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55 of 56 people found the following review helpful
5.0 out of 5 stars Entertaining and thought provoking first novel.
This first novel by author Jane Rusbridge caught my eye because it starts with a Glossary of Knots! I put it on the To Read pile. Then I picked it up and read the first chapter; a bad habit. Then I had to read it.

The book is stylishly written with an attention to detail which put me right back in the late 50s/early 60s of my childhood. The construction of the...
Published on 14 July 2009 by A. Young

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6 of 6 people found the following review helpful
3.0 out of 5 stars A Story in knots
A family in 1950's Britain who have a daughter, Elaine, who is classed as mentally deficient. Andy the elder brother remembers a tragic accident on a seaside holiday and soon afterwards his mother disappears. The book is narrated by Andy as a child in the first person and also by himself 30 years later as an adult the mother's voice is narrated in the second person...
Published 18 months ago by C. Bannister


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55 of 56 people found the following review helpful
5.0 out of 5 stars Entertaining and thought provoking first novel., 14 July 2009
By 
A. Young "Happy Idiot" (Selsdon, Surrey) - See all my reviews
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This review is from: The Devil's Music (Hardcover)
This first novel by author Jane Rusbridge caught my eye because it starts with a Glossary of Knots! I put it on the To Read pile. Then I picked it up and read the first chapter; a bad habit. Then I had to read it.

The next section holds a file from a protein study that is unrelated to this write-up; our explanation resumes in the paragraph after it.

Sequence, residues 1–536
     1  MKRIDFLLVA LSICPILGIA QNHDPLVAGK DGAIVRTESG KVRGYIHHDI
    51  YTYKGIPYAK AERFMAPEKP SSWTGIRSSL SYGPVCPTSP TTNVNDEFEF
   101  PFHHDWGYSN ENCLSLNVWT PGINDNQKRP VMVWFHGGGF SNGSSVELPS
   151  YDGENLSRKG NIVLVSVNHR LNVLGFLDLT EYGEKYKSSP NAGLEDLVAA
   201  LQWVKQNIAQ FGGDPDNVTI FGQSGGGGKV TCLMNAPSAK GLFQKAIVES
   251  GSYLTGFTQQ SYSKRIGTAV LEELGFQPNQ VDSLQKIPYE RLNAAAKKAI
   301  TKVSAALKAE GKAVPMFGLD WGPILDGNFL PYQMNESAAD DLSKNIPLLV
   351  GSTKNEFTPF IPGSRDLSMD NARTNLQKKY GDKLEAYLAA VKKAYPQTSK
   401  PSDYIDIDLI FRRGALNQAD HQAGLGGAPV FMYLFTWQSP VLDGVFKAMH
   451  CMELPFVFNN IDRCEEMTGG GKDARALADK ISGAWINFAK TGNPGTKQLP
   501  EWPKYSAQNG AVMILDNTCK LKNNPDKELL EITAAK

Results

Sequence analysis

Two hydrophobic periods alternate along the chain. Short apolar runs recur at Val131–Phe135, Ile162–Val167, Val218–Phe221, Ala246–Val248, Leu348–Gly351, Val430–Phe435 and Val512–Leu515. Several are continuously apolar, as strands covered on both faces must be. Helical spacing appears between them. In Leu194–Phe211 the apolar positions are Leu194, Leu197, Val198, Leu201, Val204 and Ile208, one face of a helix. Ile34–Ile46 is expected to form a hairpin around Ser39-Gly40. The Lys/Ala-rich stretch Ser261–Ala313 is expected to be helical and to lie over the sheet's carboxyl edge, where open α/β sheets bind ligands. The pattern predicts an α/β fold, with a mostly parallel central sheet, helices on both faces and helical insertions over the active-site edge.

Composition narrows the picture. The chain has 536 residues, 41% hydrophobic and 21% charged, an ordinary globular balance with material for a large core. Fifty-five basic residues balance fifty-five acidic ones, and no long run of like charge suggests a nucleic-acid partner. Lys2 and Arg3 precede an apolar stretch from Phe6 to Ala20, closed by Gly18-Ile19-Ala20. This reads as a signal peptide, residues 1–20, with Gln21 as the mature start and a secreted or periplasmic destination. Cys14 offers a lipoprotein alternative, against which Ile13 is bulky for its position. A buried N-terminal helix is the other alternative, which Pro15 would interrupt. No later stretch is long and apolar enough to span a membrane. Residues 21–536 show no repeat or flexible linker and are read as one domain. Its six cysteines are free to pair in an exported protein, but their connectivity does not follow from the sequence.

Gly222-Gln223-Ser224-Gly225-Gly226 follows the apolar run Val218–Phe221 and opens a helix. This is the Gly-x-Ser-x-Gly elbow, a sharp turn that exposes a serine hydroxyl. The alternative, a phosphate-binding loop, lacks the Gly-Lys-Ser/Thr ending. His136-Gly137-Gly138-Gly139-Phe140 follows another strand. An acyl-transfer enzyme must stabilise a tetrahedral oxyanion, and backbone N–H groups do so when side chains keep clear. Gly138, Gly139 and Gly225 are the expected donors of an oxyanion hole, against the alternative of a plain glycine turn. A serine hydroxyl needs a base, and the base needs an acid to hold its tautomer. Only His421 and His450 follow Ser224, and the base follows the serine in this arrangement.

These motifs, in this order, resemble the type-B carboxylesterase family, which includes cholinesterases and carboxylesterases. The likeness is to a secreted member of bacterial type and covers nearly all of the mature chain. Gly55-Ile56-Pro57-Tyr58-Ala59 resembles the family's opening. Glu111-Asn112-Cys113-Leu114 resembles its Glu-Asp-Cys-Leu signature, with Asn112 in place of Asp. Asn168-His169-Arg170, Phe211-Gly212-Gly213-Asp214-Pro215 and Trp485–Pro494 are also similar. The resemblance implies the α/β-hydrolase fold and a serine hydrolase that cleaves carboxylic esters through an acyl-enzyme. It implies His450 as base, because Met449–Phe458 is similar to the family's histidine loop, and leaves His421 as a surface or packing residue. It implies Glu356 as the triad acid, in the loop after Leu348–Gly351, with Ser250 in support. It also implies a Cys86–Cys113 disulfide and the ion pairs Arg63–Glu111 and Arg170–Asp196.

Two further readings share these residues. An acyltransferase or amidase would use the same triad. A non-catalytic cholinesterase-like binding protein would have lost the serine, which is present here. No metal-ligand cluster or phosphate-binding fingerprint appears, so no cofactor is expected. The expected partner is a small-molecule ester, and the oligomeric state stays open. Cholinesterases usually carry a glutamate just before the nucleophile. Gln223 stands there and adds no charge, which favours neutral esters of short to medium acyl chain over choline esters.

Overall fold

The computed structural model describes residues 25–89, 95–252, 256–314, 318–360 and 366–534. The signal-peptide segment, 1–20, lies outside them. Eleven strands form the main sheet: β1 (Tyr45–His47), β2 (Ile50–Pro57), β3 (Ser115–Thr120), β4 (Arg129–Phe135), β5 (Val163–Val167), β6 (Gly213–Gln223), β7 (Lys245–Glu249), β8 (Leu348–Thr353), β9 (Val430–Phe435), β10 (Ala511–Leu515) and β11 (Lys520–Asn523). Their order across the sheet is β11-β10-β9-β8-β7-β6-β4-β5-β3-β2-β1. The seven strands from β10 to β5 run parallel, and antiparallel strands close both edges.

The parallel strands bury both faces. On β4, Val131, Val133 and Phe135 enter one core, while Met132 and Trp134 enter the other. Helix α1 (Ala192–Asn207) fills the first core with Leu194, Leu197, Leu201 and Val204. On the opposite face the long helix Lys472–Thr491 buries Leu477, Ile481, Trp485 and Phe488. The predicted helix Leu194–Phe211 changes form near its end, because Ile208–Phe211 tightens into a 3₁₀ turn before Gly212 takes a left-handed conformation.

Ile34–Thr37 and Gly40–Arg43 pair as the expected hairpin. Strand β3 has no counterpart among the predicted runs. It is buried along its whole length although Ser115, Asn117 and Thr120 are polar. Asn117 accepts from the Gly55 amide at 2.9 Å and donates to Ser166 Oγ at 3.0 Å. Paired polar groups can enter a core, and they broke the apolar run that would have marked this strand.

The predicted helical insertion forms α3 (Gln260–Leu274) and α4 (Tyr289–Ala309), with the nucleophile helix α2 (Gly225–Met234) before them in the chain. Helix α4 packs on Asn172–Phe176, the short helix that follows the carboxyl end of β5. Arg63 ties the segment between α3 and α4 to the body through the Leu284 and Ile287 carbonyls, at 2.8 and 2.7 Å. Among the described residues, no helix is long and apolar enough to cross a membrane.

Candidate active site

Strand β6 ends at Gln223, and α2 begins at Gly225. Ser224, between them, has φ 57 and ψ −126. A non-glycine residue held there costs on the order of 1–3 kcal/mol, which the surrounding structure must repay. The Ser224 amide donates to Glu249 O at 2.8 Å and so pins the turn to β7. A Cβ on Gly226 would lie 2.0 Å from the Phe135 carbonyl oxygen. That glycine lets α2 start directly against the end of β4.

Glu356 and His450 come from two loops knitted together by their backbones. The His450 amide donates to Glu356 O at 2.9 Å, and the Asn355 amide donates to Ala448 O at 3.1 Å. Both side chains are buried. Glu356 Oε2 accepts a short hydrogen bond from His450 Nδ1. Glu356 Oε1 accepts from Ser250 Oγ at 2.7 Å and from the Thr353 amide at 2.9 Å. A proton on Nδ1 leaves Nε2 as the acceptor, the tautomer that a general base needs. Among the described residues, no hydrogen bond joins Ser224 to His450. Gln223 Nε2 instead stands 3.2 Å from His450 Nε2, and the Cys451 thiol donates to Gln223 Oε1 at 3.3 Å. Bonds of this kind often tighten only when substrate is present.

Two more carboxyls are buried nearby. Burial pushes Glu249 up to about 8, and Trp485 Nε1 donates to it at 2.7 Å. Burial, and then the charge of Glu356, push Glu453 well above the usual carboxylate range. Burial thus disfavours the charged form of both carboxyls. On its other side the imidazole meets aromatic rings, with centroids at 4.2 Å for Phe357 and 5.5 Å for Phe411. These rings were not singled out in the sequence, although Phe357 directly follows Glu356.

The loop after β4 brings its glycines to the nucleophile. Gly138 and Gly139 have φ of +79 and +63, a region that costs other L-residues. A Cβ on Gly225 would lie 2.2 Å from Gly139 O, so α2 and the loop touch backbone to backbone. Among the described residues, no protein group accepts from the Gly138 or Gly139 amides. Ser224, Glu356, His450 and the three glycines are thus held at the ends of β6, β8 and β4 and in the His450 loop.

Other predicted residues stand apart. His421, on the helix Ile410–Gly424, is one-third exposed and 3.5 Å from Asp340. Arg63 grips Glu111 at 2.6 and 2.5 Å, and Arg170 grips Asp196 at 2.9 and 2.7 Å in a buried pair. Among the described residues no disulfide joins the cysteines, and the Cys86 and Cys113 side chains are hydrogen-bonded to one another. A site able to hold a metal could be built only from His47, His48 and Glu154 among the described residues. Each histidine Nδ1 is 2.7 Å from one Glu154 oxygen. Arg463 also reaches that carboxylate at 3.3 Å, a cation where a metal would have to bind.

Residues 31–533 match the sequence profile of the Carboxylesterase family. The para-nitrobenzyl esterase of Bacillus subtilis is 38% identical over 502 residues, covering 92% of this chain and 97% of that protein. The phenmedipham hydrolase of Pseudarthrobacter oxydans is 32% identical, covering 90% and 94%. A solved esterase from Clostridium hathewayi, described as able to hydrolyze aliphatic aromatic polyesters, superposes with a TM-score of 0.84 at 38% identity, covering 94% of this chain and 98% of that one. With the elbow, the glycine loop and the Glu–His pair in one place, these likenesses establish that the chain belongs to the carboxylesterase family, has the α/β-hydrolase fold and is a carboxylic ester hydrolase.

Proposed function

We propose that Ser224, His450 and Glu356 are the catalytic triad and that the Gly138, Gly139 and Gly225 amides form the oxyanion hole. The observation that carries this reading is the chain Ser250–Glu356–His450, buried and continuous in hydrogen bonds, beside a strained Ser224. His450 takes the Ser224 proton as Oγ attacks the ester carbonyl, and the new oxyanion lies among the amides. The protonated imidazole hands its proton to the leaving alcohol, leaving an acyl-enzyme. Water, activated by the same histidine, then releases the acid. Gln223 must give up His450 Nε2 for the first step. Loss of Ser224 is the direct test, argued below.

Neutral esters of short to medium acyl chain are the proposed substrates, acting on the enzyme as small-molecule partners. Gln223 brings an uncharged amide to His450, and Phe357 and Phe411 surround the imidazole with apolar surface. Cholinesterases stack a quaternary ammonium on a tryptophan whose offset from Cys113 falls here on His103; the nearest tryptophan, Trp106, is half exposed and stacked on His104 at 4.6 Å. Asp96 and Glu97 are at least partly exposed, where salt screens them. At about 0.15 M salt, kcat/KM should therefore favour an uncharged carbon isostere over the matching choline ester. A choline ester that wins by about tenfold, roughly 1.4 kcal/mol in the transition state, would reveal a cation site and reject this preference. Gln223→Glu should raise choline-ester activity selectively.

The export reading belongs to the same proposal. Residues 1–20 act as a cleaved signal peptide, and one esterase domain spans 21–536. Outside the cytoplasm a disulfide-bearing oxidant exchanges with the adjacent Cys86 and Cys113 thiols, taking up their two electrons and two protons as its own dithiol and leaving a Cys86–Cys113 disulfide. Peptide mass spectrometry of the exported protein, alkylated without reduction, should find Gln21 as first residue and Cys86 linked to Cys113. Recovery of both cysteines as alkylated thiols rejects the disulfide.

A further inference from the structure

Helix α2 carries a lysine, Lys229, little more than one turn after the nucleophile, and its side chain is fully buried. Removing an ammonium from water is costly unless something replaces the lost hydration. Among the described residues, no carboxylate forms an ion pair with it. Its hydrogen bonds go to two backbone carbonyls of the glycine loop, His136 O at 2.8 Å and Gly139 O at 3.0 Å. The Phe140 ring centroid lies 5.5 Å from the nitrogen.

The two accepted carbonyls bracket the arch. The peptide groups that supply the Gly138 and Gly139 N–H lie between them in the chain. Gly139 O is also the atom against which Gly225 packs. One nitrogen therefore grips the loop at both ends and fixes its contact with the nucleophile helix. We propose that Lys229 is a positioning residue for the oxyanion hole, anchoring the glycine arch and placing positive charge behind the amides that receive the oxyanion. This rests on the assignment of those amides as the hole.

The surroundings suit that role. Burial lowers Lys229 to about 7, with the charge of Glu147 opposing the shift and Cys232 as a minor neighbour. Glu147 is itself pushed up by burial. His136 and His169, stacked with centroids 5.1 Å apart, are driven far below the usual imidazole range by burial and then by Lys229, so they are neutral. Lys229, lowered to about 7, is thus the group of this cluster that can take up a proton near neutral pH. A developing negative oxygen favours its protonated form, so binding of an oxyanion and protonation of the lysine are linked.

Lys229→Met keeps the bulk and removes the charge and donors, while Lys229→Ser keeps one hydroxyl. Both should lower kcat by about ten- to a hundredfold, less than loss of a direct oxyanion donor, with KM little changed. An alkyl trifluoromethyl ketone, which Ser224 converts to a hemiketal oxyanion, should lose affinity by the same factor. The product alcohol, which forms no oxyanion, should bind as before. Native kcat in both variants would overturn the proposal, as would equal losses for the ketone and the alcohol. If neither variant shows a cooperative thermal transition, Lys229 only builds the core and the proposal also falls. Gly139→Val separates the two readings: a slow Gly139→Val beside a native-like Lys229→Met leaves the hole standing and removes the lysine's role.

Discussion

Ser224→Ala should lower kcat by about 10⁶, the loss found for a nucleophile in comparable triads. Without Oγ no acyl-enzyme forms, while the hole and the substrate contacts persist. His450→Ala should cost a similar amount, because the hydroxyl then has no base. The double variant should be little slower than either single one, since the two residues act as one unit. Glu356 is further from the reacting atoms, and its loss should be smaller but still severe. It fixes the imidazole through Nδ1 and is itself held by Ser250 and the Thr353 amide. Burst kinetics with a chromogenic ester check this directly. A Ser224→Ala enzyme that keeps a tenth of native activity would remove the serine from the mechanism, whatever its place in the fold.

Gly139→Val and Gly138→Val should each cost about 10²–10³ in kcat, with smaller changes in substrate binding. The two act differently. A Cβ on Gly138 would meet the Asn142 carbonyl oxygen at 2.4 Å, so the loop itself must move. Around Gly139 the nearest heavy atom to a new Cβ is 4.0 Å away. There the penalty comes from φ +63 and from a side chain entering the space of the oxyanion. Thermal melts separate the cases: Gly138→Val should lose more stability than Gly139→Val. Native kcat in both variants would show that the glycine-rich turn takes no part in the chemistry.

The book is stylishly written with an attention to detail which put me right back in the late 50s/early 60s of my childhood. The construction of the novel is cleverly designed to draw you in; well, it drew me in.

The opening chapter details a moment of everyday ordinariness which turns, in a split second, into a moment of nightmarish, life-changing horror. That tiny fraction of time when a life changes for ever.

The book is composed in five parts. In the first part, apparently unconnected stories of different people in differing times and places are laid down. The second and third parts find these stories touching, crossing, connecting and becoming clearer. In the fourth part of the book, the beauty of the pattern of this story has emerged and in the final part all strands are joined in a satisfying and interesting way. Rather like the tying of a complex knot I guess.

I particularly enjoyed the chapters written from the perspective of a nine year old boy, reminding me of Dirk Bogardes wonderful 'Great Meadow'. How might you feel when faced with a plate of Spam, lumpy mashed potato and beetroot? Yuk!

Very British, pleasingly understated and written in an entertaining style, the book touches on issues of interpersonal relationships, obsession, social taboos even the borderline-autism of the male mind.

I was left with a slight regret when I finished the book and feel a little jealous of those who haven't yet read it. That's how I usually feel when I finish a great book.

Thus, five stars.
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27 of 28 people found the following review helpful
5.0 out of 5 stars A brilliant read which leaves you wanting more from this author, 7 July 2009
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This review is from: The Devil's Music (Hardcover)